11th-12th September 2013.
Centre for Culture and Disability Studies
Liverpool Hope University, United Kingdom
It has been nearly two decades since Lennard Davis, in Enforcing Normalcy (1995), remarked that when he talked about culturally engaged topics like the novel or the body he could count on a full house of spectators, but if he included the term disability in the title of his session the numbers would drop radically (xi). Things have certainly improved since then, as is demonstrable in Sharon Snyder, Brenda Brueggemann, and Rosemarie Garland-Thomson’s key work on how the humanities can be enabled by disability studies (2002). Progress, however, is frequently obstructed by bigoted and dated notions about disability. Accordingly, Stuart Murray’s “From Virginia’s Sister to Friday’s Silence” (2012) recognises the persistence of disability in contemporary writing, but David Bolt’s chapter in the Routledge Handbook of Disability Studies (2012) argues that the academy is still dragged down by critical avoidance.
The time has come to recognise that the academic avoidance of disability studies and disability theory is indicative of social prejudice. In the academy we are becoming increasingly appreciative of access requirements, which is all well and good, but recognising the foundational achievements, ideas, knowledge, influence, experience, and/or authority of disabled people can prove profoundly difficult for some non-disabled people, as though a fundamental order would be disrupted. This reluctance becomes manifest when disability studies and disability theory are dismissed as irrelevant.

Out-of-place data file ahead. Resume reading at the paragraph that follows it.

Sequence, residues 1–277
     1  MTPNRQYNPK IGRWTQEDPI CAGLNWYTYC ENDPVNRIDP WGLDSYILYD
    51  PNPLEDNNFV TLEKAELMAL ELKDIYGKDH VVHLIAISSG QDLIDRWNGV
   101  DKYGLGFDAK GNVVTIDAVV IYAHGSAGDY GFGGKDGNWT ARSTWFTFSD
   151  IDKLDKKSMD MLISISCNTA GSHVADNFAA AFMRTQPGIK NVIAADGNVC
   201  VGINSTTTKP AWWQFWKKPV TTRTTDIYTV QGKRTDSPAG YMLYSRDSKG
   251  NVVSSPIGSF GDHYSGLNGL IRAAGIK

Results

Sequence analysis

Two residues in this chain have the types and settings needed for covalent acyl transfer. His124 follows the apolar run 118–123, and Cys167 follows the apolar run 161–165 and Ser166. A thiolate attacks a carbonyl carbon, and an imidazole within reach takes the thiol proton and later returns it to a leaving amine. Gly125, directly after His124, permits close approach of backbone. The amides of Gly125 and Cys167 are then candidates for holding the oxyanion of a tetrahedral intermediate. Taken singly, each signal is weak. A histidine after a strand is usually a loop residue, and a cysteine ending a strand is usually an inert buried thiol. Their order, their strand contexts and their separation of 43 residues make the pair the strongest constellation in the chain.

Bringing together work in the humanities, education, and the social sciences more generally, the purpose of this project is to aid curricular reform by exploring and demonstrating ways in which we can and do make explicit the interdisciplinary significance of disability studies and disability theory. In the spirit of Snyder, Brueggemann, and Garland-Thomson’s work of a decade ago, we want to enable not just the humanities but the academy more broadly, to reveal and address avoidance at all levels. For example, the Special Educational Needs discourse thrives as a central focus in Initial Teacher Education and as an area for specific attention from Ofsted, but critical pedagogical approaches are not engaged with disability. The problematic pathologies evident in the discourse and the subsequent erasure of the individual constitute an act of avoidance.
The project will take the form of a conference, scheduled for September 2013, and a book edited by David Bolt and Claire Penketh in which Routledge has expressed an interest. If you would like to contribute by presenting your take on the theme at the conference and thus being considered for the proposed book, please send a 200 word proposal to David Bolt (firstname.lastname@example.org) and Claire Penketh (email@example.com). The deadline is 1 April, 2013.
Dr. David Bolt
Director, Centre for Culture & Disability Studies, www.ccds.hope.ac.uk